The Police Service of Northern Ireland is facing a potential bill of more than £40 million in holiday pay due to its officers after losing a legal challenge.
Chief Constable George Hamilton had appealed an industrial tribunal decision that holiday payments to more than 3,700 PSNI officers and support staff had been wrongly calculated over a 20-year period.
The tribunal ruled that holiday pay had been incorrectly based on basic working hours rather than actual hours, including overtime, since 1998.
Lawyers for the Chief Constable argued that claims should be confined to a three-month period from the date they were lodged.
Three Court of Appeal judges today dismissed that challenge.
They said the officers and civilian staff are entitled to pursue claims for shortfalls in holiday pay dating back to the commencement of Working Time Regulations in November 1998.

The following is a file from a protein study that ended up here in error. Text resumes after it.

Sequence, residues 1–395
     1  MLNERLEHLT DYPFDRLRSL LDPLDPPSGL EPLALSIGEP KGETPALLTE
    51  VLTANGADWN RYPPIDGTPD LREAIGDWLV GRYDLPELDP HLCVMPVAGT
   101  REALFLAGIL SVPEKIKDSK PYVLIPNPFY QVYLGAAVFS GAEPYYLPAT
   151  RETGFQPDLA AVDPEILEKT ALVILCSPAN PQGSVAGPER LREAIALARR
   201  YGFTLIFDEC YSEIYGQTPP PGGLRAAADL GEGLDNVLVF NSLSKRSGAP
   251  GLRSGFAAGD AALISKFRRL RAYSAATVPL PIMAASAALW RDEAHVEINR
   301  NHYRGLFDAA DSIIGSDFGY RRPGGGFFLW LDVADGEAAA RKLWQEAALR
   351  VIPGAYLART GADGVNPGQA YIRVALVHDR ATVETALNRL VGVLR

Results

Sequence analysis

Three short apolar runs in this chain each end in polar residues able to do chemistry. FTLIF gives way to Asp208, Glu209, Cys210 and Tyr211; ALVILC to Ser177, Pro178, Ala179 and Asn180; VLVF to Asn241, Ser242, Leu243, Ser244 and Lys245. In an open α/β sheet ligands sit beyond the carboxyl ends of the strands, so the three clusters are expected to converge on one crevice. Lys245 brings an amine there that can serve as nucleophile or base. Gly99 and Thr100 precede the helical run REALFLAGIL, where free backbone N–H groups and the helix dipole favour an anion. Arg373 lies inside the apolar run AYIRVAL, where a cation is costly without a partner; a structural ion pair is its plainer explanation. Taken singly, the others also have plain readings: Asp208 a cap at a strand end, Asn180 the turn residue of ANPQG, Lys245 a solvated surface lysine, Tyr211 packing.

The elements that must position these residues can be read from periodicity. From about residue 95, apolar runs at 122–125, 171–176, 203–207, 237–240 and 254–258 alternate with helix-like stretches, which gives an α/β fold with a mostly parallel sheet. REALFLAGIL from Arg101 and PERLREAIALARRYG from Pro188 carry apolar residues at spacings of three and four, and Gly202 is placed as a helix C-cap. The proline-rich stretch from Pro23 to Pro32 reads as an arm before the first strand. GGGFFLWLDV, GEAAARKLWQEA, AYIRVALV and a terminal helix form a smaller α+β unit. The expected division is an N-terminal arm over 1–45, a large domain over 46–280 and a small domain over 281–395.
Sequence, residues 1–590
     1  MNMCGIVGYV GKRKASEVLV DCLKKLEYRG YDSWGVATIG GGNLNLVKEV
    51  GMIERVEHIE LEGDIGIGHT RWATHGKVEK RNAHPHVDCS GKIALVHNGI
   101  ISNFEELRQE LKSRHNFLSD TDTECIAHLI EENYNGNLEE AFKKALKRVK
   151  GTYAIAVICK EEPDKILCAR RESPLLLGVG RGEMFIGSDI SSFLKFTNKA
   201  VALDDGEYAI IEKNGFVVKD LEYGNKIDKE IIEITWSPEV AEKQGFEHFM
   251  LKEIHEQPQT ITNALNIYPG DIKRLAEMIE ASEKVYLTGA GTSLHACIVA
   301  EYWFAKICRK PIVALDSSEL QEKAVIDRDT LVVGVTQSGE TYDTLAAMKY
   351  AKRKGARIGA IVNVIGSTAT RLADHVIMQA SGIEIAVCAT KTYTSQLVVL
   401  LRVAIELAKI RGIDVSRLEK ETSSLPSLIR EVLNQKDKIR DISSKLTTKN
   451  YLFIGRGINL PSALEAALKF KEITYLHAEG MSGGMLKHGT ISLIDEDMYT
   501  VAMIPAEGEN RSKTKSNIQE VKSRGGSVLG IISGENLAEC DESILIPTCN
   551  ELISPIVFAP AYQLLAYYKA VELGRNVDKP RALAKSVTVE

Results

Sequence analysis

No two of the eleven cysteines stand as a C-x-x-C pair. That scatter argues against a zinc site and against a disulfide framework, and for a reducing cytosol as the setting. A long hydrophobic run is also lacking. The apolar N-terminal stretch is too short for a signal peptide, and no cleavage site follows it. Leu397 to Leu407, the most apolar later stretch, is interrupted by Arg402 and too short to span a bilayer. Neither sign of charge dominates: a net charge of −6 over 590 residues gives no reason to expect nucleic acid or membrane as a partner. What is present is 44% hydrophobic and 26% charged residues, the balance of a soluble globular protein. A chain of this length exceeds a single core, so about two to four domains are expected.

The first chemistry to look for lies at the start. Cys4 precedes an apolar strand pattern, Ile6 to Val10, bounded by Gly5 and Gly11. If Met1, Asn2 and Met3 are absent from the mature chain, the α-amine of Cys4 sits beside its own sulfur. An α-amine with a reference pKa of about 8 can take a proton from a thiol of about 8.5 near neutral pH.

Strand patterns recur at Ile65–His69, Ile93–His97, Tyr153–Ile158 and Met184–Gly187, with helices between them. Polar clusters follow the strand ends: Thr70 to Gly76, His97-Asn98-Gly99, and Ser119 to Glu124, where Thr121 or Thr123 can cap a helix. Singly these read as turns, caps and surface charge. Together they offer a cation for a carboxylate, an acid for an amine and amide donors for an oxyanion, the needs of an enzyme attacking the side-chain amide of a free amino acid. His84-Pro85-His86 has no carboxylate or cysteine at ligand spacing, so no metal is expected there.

The case was taken by a group of 14 lead claimants, 11 police officers and three civilian staff members.
Lawyers for the claimants had argued that the Chief Constable would be "unjustly enriched" by the denial of holiday pay to his staff.
The lead cases will now return to the Industrial Tribunal for a final determination to be made, governed by today’s court ruling.
John McShane, of MTB Solicitors, who represented the claimants, said the final bill "could now exceed £40m in unpaid holiday pay".
PSNI Assistant Chief Constable George Clarke said: "The PSNI is seeking further legal advice with regards to the judgment and will take time to consider it. This will include considering implications of the judgment and how the costs will be met.
"It would, therefore, be inappropriate to comment further at this time."
The PSNI has previously warned that funding the payments could seriously impact its operational capacity.